The original Record of Lodoss War anime series both conclude with happy endings. Lodoss is at peace. Parn got his answers and became a hero. He and Deedlit literally ride off into the sunset together. There’s the promise of new adventures together. But there’s also the mystery of what happens next. Record of Lodoss War: Deedlit in Wonder Labyrinth attempts to offer a possible resolution. In so doing, it also broaches the idea of how Deedlit’s life might change and how things might go as time passes.
Editor’s Note: There will be story spoilers for Deedlit in Wonder Labyrinth below.
This is because of the obvious. Deedlit is an elf and Parn is a human. During the Record of the Lodoss War anime, she’s 160. He’s 18 when he first deals with the goblins plaguing his hometown. There’s a gap. We know she’s going to outlive him. As Deedlit in Wonder Labyrinth’s story begins, it seems like this could be an adventure set not long after the adventures we know of. Karla offers Deedlit a bargain as the adventure begins. We see her encounter people like Parn, Etoh, Ghim, and Slayn. She happens upon spirits she knows and fought with. We see nostalgic enemies. It offers the illusion of familiarity.
But it’s clear something isn’t right. The game hints that there’s a wish that can be granted if Deedlit goes through these trials. There are moments of distortion. The screen flashes and shakes. There’s a dreamlike quality to it all.
That’s when the twist hits. Parn is dead. This isn’t a new adventure for them. It is Deedlit coming to terms with the loss.
Deedlit, in her grief, ended up in this world. She only remembers the truth as the player reaches the final boss. (Though prior to this, there are hints of what’s coming.) It’s then that the sense of understanding and heartbreaking nature of it all comes into play. The stories we know present an ideal. But it is one that can’t last forever. The adventures Parn and Deedlit could have together are limited by his lifespan. Not hers. Which means that the whole adventure is a coping mechanism. It is her deciding what is next for her. (If there is anything at all.)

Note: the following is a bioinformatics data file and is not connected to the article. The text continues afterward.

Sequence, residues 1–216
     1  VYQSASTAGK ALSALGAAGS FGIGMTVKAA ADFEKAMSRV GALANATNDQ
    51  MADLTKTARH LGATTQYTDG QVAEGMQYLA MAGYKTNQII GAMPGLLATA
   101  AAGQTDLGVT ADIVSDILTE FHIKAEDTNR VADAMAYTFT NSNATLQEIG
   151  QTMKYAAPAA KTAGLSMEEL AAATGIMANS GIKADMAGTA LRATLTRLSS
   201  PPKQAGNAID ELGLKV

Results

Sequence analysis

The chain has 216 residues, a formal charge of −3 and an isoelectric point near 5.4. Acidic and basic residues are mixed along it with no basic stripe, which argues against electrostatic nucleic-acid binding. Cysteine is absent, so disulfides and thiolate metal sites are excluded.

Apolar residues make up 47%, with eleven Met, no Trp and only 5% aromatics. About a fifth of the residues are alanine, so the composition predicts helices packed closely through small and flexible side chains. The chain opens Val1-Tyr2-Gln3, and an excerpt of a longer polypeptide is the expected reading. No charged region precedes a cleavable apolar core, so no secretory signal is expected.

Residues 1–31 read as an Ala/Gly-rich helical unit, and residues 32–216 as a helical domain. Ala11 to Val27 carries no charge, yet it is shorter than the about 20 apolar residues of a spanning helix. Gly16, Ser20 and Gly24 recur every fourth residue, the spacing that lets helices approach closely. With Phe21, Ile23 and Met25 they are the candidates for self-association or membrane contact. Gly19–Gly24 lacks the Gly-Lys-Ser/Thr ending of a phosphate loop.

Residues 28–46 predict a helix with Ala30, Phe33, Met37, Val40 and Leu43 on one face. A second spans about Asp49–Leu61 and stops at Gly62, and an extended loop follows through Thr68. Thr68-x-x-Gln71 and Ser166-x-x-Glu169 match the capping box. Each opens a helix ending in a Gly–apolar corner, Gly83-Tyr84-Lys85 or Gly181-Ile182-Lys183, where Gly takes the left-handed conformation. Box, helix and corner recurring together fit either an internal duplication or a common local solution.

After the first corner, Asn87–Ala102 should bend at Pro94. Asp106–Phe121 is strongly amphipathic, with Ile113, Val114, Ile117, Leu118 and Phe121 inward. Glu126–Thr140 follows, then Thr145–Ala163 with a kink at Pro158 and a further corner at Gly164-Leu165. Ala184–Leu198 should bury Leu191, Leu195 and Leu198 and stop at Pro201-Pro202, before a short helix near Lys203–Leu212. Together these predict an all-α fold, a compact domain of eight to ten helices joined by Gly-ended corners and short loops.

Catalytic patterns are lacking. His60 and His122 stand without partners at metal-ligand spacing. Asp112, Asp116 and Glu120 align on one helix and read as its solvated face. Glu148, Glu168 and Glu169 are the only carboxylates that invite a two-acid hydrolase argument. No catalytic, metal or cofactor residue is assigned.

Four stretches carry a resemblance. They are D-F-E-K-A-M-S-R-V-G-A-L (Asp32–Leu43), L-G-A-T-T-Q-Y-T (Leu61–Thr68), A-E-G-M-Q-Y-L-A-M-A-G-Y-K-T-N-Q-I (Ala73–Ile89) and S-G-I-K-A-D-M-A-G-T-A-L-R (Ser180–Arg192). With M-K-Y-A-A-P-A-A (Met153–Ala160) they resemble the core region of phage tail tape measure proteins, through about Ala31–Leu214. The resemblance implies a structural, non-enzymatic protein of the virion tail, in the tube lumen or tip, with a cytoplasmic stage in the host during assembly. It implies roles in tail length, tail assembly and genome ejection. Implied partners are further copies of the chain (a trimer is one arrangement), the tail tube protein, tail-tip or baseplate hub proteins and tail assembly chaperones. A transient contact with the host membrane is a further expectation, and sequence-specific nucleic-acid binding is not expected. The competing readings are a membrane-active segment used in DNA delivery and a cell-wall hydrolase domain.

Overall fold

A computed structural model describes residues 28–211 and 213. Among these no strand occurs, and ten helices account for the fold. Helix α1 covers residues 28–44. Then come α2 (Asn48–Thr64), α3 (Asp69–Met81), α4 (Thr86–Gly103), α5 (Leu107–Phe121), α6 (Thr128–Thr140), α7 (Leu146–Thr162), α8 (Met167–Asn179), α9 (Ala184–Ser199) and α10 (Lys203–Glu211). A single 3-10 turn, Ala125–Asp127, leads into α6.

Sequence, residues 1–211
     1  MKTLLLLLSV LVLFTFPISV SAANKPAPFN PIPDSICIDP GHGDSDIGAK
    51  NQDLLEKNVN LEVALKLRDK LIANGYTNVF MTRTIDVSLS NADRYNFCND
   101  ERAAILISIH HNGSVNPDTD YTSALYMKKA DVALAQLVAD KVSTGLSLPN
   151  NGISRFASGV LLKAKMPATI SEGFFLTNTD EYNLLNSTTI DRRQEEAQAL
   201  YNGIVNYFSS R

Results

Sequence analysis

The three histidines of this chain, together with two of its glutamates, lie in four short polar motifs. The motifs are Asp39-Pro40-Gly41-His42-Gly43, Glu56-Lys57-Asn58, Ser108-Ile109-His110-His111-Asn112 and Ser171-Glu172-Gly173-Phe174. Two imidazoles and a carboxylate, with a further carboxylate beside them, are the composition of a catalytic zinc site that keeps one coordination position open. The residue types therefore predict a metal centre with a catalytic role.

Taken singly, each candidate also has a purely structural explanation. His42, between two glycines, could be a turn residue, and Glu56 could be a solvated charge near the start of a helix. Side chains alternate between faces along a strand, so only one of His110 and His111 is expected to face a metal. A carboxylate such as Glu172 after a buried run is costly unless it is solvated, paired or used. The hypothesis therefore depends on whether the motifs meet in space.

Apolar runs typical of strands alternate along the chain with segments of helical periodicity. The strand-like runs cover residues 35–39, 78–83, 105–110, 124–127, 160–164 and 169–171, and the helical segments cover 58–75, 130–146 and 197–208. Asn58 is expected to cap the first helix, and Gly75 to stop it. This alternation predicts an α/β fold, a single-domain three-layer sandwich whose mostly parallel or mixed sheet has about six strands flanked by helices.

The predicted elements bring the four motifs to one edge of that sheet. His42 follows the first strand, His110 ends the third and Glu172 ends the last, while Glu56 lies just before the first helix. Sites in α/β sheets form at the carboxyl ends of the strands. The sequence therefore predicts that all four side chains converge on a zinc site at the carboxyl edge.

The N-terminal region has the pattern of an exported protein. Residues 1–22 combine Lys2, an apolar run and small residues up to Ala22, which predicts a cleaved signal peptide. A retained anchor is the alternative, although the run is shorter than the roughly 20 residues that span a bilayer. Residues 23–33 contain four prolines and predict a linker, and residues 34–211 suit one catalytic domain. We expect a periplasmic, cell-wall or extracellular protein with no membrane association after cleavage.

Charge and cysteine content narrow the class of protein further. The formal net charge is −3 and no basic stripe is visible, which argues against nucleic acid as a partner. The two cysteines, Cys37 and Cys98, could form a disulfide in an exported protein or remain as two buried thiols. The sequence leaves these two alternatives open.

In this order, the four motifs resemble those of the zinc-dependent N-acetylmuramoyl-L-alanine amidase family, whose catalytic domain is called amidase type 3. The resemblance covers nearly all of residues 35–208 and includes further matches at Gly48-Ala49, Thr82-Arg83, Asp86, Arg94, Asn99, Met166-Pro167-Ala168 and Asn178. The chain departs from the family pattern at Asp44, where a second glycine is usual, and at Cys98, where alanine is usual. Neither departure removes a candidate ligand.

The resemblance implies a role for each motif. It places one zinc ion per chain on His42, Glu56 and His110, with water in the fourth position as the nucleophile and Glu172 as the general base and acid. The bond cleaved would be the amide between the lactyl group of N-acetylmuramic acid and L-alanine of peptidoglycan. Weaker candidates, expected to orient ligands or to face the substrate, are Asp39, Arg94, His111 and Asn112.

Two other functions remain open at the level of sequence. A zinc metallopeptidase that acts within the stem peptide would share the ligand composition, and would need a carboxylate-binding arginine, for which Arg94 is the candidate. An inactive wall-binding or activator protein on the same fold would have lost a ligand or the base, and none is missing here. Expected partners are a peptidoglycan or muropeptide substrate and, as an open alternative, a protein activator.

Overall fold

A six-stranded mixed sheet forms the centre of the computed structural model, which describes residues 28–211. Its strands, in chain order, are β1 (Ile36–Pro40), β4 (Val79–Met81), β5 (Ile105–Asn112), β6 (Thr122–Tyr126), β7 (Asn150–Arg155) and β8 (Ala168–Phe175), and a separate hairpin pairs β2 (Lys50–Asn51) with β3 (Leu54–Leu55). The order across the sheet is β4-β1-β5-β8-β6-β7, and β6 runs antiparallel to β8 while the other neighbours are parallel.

It means Deedlit in Wonder Labyrinth’s story must end in the only way possible, which is with acceptance. After fighting through it all, she has to part ways with Parn. She even admits how it would be easier to forget, something she did for much of the game. It’s only when she moves on that she escapes and wakes up in her home. She steps out to see Leaf, a half-elf, waiting for her. The ensuing conversation hints at exactly how long Deedlit sequestered herself after losing Parn. It even offers an explanation for it all, suggesting the Spirit of Loneliness is behind it, and suggests she’ll move on by composing a song.
It reminds me of another Japanese story about an elf. Like Deedlit in Wonder Labyrinth, Frieren shows a long-lived elf’s journeys years after the journey with her human allies that made her a hero. It’s a different take on “how does someone cope.” We still get those vignettes and memories. But in both, there’s this sense of showing what happens to someone who can live for hundreds of years after their shorter-lived loved ones pass away. In each, we get this sense of what they are emotionally going through, how they deal with it, and what they’re going to do now that they’re able to move onward.
As someone familiar with the series, it made everything more satisfying for me. It would have been easy to pick up with what’s next for both Parn and Deedlit. There are plenty of plausible adventures the two could experience. Going with one showing that Deedlit’s life as she knows it changed, due to something we all knew would happen eventually, turned it into the best possible experience for me.